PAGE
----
I did not see the foul archer
who drew the unconscionable bow, released
the singular intent that wounded this enormous
grizzly, tore a hole right through her intuition,
her instinct, her will to nurture cubs, then left
her to bleed out alone.
I enter to find her belaboring each raspy breath,
a bloody heap blocking the base of my stairs
so I can neither go up nor down.
I know this particular bear. She is most dangerous
when wounded and she has been wounded for centuries.
I know better than to go near her. I can no longer live here.
Wica ze cade waste: that Holy Man with a good heart
who doesn’t visit often enough kneels
to soothe this groaning Ursus.
Not a good idea I warn and turn
back to the work of packing.
I do not know where I am going. Greece,
perhaps. Somewhere ancient, near an open sea
where I can bask in sun, breathe salt air, polish
my ravaged heels in sand, listen to the wisdom of waves
washing in from oceans on the other side of the world.
I invite the good-hearted man to visit me there.
He extends his right hand toward the open gash
beneath the beast’s lower rib from where the ruby
stuff of life gushes forth like some gay fountain
or a geothermal pool spouting healing mineral
elixir into night’s crisp brittle air as though stretching
skyward to fill the big dipper; the kind of pool
this animal should have dragged herself to
a long time ago. She lifts her massive head, contorts her
ursine bulk, bares her perfect teeth, unsheathes her five-tined
claws, opens her throat and unleashes a tsunami that has traveled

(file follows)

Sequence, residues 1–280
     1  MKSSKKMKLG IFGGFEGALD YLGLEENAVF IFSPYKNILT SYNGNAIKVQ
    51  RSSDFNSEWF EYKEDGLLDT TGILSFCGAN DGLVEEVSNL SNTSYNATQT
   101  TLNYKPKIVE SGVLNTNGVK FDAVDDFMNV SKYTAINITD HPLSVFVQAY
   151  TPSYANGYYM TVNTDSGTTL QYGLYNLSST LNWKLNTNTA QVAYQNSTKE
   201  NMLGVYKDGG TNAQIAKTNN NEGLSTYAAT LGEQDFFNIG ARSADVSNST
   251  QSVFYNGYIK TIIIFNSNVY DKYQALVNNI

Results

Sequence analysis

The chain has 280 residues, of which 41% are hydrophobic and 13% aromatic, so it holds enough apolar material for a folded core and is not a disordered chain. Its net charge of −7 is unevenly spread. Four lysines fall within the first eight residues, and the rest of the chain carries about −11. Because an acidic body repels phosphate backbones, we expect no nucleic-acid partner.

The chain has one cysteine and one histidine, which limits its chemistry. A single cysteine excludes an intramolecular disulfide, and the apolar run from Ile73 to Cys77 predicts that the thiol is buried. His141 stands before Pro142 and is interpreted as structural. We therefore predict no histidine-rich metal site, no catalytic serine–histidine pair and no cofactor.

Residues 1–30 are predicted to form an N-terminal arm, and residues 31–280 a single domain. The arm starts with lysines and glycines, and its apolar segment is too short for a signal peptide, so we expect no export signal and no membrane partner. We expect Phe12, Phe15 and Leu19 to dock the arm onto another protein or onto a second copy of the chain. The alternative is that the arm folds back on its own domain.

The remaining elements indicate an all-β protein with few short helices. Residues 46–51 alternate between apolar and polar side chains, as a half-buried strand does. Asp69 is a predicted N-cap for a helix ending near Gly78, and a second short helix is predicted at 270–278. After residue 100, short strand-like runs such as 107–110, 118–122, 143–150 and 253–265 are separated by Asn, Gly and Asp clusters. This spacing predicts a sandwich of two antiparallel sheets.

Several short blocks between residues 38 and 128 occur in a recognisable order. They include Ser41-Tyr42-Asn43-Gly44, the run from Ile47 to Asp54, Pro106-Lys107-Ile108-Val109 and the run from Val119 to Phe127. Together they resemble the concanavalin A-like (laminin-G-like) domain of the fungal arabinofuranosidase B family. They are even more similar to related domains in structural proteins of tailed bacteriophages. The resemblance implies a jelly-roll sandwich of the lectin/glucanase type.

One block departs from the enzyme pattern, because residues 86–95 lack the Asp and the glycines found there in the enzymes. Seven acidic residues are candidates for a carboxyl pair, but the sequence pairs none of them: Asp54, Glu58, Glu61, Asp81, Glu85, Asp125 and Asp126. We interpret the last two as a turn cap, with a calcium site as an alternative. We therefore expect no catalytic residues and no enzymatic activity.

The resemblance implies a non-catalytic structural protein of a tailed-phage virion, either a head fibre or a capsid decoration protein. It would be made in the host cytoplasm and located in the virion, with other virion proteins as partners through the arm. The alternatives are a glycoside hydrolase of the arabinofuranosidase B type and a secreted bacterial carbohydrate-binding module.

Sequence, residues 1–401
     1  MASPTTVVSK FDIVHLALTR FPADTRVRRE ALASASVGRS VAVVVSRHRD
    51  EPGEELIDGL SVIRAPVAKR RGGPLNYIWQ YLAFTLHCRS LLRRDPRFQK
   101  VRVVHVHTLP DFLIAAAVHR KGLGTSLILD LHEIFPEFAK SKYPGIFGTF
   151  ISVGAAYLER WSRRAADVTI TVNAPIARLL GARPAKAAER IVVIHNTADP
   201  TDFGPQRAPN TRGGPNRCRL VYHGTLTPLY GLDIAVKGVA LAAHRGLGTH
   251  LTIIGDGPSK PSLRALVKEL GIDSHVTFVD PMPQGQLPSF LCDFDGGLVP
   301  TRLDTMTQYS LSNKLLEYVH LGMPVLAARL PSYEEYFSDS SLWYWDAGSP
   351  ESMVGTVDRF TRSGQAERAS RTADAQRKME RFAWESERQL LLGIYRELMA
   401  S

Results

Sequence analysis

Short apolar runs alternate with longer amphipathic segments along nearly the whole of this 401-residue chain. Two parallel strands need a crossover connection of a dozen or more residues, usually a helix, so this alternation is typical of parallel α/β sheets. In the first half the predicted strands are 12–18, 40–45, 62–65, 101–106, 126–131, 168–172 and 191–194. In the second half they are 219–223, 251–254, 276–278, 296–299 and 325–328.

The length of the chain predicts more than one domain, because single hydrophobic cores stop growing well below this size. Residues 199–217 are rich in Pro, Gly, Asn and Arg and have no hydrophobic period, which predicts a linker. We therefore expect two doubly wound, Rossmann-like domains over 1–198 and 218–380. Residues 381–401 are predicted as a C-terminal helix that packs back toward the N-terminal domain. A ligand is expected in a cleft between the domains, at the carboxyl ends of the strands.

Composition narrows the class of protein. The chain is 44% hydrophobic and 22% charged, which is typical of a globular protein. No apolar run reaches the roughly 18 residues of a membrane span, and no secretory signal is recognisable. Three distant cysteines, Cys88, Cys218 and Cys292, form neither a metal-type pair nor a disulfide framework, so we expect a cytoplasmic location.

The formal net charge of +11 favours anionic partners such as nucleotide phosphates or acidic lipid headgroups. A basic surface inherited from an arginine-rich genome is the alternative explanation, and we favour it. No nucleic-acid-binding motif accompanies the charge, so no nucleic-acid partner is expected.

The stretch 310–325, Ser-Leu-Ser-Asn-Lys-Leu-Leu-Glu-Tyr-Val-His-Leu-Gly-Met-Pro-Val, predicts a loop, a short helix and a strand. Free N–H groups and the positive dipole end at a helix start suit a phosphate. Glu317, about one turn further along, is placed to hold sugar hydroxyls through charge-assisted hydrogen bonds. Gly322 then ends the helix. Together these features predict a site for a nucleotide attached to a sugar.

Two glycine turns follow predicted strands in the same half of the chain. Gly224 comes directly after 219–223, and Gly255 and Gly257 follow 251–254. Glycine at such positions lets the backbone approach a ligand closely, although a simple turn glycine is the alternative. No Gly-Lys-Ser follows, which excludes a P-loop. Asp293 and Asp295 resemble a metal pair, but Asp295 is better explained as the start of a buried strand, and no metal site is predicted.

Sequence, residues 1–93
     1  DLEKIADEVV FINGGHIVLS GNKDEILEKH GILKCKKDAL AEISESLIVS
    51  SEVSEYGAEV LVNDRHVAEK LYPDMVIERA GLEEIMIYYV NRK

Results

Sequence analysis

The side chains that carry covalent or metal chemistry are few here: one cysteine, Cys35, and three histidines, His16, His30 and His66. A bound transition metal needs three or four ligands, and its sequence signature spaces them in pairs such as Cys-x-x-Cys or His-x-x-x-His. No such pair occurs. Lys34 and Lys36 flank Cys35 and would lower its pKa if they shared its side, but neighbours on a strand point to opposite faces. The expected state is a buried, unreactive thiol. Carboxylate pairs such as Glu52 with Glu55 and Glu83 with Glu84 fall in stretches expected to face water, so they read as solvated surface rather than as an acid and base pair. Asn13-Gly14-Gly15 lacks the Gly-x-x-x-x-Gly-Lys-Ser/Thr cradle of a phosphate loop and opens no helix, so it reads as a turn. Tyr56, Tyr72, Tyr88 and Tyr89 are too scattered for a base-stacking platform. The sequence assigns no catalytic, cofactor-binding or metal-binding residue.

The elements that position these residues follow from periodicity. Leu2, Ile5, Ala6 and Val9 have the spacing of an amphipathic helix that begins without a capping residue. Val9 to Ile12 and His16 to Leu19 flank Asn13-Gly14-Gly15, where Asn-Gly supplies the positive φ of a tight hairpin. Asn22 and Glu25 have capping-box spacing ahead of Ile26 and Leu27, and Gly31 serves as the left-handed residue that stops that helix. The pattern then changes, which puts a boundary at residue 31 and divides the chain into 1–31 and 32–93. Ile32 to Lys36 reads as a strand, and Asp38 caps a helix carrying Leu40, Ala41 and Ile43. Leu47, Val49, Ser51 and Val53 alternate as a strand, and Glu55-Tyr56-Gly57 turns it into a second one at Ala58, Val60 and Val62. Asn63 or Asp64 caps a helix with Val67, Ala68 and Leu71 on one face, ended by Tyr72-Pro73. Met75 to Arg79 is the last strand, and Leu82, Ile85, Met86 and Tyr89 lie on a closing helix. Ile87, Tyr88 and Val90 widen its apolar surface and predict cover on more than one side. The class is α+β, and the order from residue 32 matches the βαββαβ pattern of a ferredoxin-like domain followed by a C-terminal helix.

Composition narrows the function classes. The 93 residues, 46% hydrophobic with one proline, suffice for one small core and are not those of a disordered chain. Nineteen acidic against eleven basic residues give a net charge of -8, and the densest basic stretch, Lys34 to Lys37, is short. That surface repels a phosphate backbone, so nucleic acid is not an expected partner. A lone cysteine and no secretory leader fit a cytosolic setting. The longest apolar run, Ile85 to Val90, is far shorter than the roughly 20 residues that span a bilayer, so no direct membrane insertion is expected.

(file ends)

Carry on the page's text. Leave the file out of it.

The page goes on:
lifetimes building inside her breast. Pinned to the wall by the blast
I am not surprised by its force.
I am no longer afraid.
Shelly Norris currently resides in the woods of central Missouri with her husband John, two dogs, and seven cats. A Wyoming native, Norris began writing poetry around the age of 12. As a single mother of three sons, Norris had to concentrate on achieving an education and beginning a career to sufficiently support the family. Early in this journey it became clear that pennies from publishing poetry would not feed and shod hungry barefoot boys, so she necessarily dedicated her time and energy to building a teaching career. Meanwhile, working in the shadows grading sub-par essays, and editing for other writers, she has been slow to send forth her own writings into the cold world of rejection and possible publication in obscure volumes. One who struggled furiously with the art-life balance, Norris knew her destiny to be—like Burroughs, Bukowski, Stevens, and Wilder—a more dedicated and widely published writer later in life. While pecking away at various essays, short stories, and a couple of novels, Norris is wrestling a pile of about 100 poems into cohesive chapbooks and manuscripts embodying the vicissitudes of unrequited love and loss, dysfunctional wounds, healing quests, and the role of cats in the universal scheme.